La Marque: "The Great Pepper Extravaganza," with Gene Speller, Galveston County Master Gardener, presenting, 1-4 p.m., November 23, at Galveston County AgriLife Extension Bldg. in Carbide Park, 4102-B Main, La Marque; to pre-register phone (281) 309-5065 or email galvcountymgs@gmail.com; for additional details http://aggie-horticulture.tamu.edu/galveston/index.html. Free, but pre-registration required.
Monthly meetings
 
If you would like your organization's events included in "Monthly Meetings" or would like to make a change to a listed meeting, please contact us at Monthly Meetings. To ensure inclusion in this column, please provide complete details. 
 
FIRST WEEK
 
Jasper: The Jasper County Master Gardeners meet on the first Monday of each month at St. Michael's Catholic Church from 6:00 p.m. to 9:00 p.m. The evening begins with pot luck social and then guest presentations and/or educational class to conclude. Visit https://jasper.agrilife.org/jasper-master-gardeners/ to verify meeting date for any given month, as circumstances could require a change, and to find information on the speaker and topic scheduled for each meeting; Visit  https://mastergardener.tamu.edu/become/ to become a member.
  
Kaufman: The Kaufman County Master Gardeners meet the first Monday of each month at the First Community Church at 1401 Trinity Drive in Crandall. January through April and August and September meetings are at 9 a.m., with the remaining meetings beginning at 7 p.m. For additional information, visit http://www.kcmga.org, call 972-932-9069 or email to sbburden@ag.tamu.edu.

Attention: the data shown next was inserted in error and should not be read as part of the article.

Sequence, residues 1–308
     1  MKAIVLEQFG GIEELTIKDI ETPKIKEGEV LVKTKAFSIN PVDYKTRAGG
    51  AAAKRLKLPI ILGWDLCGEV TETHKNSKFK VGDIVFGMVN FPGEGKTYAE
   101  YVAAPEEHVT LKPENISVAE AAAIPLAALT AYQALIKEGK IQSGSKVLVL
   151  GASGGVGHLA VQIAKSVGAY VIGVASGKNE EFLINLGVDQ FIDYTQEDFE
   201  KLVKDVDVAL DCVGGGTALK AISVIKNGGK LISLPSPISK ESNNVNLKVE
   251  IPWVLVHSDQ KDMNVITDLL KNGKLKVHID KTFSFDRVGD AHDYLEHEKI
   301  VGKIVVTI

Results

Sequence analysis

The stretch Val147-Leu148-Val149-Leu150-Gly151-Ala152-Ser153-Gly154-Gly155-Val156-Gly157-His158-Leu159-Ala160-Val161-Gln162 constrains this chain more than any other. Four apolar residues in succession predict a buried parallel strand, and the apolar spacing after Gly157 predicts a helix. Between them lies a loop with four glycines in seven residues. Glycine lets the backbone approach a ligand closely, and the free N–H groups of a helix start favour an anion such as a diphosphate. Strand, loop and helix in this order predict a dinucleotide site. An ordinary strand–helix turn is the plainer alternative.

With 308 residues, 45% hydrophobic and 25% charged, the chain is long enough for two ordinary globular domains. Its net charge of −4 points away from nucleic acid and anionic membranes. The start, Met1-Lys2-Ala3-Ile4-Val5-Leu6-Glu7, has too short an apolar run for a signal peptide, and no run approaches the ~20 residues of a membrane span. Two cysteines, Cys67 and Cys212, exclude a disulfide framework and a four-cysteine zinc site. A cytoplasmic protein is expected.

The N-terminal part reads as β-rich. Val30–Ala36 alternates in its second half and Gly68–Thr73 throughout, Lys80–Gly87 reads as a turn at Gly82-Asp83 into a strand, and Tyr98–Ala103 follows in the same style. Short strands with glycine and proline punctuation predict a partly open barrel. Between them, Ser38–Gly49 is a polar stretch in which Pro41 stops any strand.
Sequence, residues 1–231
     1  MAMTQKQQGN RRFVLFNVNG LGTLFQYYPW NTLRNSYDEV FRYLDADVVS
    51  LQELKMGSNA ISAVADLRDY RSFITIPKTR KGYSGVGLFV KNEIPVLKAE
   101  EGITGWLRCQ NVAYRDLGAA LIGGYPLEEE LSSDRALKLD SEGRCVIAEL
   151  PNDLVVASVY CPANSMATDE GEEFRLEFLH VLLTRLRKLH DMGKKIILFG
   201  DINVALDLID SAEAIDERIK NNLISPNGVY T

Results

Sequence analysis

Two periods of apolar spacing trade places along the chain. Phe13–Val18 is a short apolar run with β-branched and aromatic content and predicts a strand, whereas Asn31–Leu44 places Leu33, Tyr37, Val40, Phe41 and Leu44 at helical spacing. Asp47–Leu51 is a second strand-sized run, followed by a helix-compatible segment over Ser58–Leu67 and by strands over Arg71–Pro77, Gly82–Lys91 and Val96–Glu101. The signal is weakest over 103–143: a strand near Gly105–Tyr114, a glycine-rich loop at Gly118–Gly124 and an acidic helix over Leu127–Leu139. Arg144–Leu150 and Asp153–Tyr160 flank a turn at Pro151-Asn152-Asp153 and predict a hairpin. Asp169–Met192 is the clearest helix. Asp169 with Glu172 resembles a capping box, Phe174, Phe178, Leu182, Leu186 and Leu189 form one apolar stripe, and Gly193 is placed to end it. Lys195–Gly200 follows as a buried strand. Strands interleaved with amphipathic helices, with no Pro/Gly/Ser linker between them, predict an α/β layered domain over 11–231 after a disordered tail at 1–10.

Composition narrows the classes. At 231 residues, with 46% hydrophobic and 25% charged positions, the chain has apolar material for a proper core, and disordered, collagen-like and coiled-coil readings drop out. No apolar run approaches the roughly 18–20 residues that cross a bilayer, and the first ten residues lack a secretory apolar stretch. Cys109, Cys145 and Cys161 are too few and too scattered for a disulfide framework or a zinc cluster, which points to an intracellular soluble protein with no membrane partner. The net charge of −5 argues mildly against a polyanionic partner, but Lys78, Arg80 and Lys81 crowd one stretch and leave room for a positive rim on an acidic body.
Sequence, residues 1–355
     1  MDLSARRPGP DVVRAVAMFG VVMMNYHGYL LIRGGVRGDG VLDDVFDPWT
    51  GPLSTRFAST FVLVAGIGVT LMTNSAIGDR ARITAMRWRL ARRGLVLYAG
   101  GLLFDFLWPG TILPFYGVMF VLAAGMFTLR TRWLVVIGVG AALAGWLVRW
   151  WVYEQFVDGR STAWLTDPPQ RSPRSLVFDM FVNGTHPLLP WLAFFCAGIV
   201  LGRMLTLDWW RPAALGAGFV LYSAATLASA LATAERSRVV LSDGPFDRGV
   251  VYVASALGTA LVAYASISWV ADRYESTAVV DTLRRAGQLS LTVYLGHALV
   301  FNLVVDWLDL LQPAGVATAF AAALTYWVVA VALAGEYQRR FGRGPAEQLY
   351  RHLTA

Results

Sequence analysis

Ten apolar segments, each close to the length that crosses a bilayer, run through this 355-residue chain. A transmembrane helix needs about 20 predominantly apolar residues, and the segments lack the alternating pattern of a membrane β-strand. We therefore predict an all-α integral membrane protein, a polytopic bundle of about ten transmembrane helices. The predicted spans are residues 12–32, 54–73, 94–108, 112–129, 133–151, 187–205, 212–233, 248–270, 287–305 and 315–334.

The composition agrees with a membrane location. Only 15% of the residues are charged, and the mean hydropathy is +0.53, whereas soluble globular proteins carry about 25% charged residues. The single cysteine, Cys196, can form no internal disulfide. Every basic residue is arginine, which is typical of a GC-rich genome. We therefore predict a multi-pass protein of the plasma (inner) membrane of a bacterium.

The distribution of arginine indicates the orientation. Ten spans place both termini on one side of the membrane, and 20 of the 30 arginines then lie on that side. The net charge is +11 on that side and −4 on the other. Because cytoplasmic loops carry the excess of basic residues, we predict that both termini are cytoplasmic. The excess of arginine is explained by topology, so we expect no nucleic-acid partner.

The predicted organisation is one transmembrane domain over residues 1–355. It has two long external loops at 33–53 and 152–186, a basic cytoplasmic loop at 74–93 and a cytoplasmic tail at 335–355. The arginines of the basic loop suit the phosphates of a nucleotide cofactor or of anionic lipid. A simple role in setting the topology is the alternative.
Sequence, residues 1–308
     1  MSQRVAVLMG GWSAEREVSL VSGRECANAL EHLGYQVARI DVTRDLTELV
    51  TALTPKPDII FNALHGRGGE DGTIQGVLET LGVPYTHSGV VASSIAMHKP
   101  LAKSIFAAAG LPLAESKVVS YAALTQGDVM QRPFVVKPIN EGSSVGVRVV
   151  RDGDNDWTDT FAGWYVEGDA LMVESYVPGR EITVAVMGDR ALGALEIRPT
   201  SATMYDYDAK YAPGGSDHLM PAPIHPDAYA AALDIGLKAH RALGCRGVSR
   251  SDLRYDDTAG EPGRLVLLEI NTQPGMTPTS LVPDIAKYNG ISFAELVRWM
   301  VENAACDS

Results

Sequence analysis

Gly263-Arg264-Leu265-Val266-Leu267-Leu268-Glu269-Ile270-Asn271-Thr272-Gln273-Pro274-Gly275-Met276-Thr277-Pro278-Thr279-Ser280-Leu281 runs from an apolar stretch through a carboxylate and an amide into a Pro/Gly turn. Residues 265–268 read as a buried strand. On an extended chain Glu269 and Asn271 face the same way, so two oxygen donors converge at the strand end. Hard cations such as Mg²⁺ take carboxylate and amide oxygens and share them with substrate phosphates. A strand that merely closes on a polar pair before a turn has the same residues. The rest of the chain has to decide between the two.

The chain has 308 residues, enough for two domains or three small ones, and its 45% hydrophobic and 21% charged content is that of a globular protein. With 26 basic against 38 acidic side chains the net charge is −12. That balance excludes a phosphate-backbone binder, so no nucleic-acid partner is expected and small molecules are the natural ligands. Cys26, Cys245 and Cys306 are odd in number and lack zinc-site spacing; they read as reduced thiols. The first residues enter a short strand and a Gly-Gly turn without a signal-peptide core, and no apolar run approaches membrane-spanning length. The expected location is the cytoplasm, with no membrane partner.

Houston: The Harris County Master Gardeners meet at noon the first Tuesday of each month at a location in Houston to be determined. For additional information, visit http://hcmga.tamu.edu/Public/ or call 713-274-0950.

Dallas:  Garden Masters, Inc., meet the first Wednesday of each month, Sept.- May, at North Haven Gardens, 7700 Northaven Rd., Dallas, 75230. The club hosts different speakers each month from 11:30 a.m.-12:30 p.m. Come early and order lunch from the The Cafe, which features a healthy menu, fresh local produce and sustainably produced meats and fish (or call in advance to order  972-338-2233) . For more information about Garden Masters Inc, email Marcia Borders at  borderlineart1@gmail.com .
 
Kerrville: Hill Country Master Gardeners meet the first Wednesday of each month at 1:00 pm at Hill Country Youth Event Center, 3785 Hwy 27. For more information visit www.hillcountrymastergardeners.org.
 
Midland: The Permian Basin Master Gardeners (Ector/Midland counties) have monthly meetings at noon on the first Wednesday of each month at the West Texas Food Bank, 1601 Westcliff Drive in Midland. For more information call 432-498-4071 or 432-686-4700.

Navasota: The Navasota Garden Club meets on the first Wednesday of each month (September through May) at 10:00 a.m., usually at the First Baptist Church Family Life Center, 300 Church Street, Navasota. If not meeting at the church, a change of meeting notice will be placed on the door at the North entrance. Guests are welcome. Members are from Grimes County and surrounding counties.
   
Allen: The Allen Garden Club meets at 7 p.m. on the first Thursday of each month, February through December, at the Allen Heritage Center, 100 E. Main St., Allen. For more information, visit www.allengardenclub.org.

Atlanta: The Cass County Master Gardeners meet the first Thursday of each month at the Atlanta Memorial Hospital Conference Room, State Highway 77 @ S. Williams St., Atlanta. A business meeting is followed by an educational program. The public is welcome to attend. For additional information, call 903-756-5391 or visit http://cass.agrilife.org

Fort Worth: The Native Plant Society of Texas - North Central Chapter meets the first Thursday of each month, excluding January and July, at the Fort Worth Botanic Garden, 3220 Botanic Garden Blvd., Fort Worth. Meeting begins at 6:30 p.m., program begins at 7:00 p.m. Guest speakers present educational programs on topics of interest. Members, friends, family, guests and the public are welcome. For a list of speakers and topics or more information, visit http://www.txnativeplants.org.